1. Introduction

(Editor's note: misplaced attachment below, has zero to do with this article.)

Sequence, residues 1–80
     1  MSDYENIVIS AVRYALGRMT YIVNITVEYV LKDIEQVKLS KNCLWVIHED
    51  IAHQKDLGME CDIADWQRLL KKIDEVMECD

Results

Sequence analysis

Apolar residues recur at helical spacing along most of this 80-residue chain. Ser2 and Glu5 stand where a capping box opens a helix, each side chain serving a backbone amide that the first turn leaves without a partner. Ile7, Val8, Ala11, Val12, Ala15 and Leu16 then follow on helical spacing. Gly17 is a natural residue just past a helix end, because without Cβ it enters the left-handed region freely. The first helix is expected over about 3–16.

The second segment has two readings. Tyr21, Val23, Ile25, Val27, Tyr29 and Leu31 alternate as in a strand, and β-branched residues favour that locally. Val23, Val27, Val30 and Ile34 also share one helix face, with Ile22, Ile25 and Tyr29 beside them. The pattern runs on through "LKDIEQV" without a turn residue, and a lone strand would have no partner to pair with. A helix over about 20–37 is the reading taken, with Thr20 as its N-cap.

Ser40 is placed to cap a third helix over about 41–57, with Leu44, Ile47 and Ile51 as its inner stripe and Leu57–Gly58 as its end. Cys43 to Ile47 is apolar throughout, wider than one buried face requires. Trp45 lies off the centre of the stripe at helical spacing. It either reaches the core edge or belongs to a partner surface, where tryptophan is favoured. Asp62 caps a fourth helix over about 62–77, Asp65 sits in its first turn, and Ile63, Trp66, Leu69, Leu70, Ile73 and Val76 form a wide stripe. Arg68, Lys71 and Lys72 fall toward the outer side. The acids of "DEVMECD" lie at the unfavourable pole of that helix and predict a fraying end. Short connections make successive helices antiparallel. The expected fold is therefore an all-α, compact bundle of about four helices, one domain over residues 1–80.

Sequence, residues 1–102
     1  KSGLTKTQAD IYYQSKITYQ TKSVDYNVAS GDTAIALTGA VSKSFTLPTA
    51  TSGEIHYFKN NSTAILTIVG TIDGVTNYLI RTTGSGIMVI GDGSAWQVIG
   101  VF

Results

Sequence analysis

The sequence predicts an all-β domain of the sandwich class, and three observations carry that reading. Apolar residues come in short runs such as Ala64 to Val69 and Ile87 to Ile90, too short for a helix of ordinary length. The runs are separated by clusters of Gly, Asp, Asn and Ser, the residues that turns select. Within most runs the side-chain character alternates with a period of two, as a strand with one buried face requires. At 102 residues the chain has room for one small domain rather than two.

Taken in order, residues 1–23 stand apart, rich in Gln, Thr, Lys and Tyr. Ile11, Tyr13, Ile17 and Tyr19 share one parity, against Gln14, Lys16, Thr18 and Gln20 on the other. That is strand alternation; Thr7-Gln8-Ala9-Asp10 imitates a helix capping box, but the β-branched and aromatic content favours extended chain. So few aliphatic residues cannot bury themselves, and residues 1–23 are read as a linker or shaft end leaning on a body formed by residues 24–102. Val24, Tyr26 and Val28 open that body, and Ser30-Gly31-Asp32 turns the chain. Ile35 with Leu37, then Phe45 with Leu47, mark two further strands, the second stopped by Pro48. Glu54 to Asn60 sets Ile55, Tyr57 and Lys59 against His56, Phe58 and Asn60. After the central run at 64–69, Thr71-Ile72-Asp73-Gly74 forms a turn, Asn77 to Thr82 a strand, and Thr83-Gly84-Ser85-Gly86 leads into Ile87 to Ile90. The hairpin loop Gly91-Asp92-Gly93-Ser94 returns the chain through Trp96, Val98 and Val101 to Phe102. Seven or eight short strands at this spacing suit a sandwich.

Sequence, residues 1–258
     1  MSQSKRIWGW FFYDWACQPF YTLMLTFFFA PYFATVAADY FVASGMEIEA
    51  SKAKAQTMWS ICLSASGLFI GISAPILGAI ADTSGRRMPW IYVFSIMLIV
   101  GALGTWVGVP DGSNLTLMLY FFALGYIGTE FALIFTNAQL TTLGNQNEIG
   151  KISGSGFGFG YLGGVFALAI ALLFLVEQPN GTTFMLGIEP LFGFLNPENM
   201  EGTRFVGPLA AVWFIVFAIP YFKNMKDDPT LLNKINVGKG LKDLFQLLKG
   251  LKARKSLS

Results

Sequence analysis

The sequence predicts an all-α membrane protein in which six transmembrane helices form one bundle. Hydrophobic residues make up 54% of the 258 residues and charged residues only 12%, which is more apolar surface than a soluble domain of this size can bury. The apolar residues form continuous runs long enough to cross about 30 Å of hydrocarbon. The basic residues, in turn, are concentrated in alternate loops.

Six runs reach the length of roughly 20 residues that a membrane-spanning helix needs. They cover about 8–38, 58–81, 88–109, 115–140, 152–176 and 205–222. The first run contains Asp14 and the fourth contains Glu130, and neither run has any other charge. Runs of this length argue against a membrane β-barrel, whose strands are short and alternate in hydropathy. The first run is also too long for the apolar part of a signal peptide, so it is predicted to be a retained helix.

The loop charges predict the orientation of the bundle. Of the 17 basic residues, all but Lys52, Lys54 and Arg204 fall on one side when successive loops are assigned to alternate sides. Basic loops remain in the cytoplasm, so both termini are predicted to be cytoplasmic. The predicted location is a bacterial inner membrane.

Paris polyphylla is a famous traditional Chinese medicinal herb with anti-inflammatory and hematischesis properties and has been shown recently to possess anticancer activity [1]. However, Paris polyphylla is easily attacked by several pests and diseases. Some pyrethroid pesticides, such as fenpropathrin, fenvalerate, deltamethrin, and bifenthrin, have been widely applied to control and prevent mites, leafhoppers, plant bugs, and aphids in Paris polyphylla because of their excellent insecticidal activity, fast knockdown capability, and relatively low mammalian toxicity [2, 3] and have been gradually taking the place of organophosphorus and carbamate pesticides. However, due to bioaccumulation through the food chain, they can eventually become a risk or threat to both animal and human life [4].